Clearly there has been some miscommunication somewhere. A M390 damascus steel variant would be BIG news in the knife world. There is no such thing yet.
Also those web editors aren't knife guys like us, and they have no idea they just entered a non existing steel in the knife record.
It looks like M390 core Damascus is actually a thing. Marifone / microtech make at least one, the Combat Troodon Bowie. The way that blade looks I'm fairly certain the ROK is not M390 Damascus. But I'll update when / if I hear from Lionsteel.
M390 core damascus seems a forge welded San Mai (Can I use that word) variant, not a true M390 dmascus.
I thought - correct me if I am wrong - that these modern powder steel supersteels should not be forged as they are intrinsically mixed and prepared for designs made by material removal.
Forging supersteels may even alter their specific engineered composition structure, and would probably be a pointless thing to do.
At least, I never heard of a forged M390 blade, or a damascus steel containing M390 as one of it's components.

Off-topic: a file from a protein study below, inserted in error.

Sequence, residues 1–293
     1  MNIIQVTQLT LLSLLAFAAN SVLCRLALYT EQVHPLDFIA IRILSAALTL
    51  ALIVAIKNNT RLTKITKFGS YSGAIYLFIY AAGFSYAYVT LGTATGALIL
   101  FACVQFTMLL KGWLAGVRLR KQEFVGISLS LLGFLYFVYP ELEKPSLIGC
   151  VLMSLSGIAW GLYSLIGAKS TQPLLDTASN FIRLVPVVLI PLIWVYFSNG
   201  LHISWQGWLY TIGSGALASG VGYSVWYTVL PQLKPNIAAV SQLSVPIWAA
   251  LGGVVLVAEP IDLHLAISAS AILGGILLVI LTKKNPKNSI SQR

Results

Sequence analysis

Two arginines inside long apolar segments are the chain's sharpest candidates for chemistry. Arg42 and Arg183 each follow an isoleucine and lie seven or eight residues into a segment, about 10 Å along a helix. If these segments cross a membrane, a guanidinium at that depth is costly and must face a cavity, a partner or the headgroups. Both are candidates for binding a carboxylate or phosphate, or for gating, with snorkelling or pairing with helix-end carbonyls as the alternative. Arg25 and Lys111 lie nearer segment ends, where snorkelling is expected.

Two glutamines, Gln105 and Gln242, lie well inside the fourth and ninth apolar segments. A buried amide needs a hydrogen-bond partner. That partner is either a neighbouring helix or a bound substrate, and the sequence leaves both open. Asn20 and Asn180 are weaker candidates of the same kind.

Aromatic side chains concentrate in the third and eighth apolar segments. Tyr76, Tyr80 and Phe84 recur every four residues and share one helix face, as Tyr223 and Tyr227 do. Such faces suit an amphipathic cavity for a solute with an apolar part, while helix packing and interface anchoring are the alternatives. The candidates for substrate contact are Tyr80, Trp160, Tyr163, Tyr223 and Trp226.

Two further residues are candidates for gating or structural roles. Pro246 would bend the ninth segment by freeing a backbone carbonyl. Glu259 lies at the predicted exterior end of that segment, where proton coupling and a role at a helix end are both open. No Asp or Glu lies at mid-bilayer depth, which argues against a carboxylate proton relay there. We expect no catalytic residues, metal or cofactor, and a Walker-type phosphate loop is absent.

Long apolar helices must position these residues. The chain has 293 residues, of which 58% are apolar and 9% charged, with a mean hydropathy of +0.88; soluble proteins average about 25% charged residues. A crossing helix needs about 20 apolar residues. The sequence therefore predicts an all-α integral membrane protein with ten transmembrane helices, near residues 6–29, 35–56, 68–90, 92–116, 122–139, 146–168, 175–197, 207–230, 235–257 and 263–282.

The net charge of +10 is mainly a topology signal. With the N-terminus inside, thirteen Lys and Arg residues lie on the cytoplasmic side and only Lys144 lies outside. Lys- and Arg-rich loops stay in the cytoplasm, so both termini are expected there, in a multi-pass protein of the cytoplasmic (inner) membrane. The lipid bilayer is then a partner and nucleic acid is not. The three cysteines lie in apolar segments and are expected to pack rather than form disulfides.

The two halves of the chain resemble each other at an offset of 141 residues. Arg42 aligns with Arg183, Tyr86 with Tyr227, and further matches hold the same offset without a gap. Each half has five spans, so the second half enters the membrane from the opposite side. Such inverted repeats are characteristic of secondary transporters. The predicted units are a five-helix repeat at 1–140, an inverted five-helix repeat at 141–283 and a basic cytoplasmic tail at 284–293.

Then again, it's not because I never heard of it, that it doesn't exist...
I have the Damascus Gold version. I have to say it is a solid feeling knife. I love integral frame. A few things I ran into, one the machining on the frame is a little rough on the inside to the point where every time I swabbed the dust out with a qtip little hairs would get stuck inside with no way to get them out. So I ended up acid etching the frame and anodizing as the gold finish was way too slick for my sweaty hands. The acid etching took that rough machining down to a smoothness like it should have been.
Two, the damascus blade is pretty rough on the deployment. Maybe that is just the nature of the steel, but it has taken about 3 weeks of continuous flipping to get that rough mechanical action down to barely noticeable. I had to take this knife apart to anodize it, they have it running on steel ball bearings so I switched them out with ceramic bearings. And the detent hole came with a pretty thick burr on it, so I ended up sanding the burr down the best I could.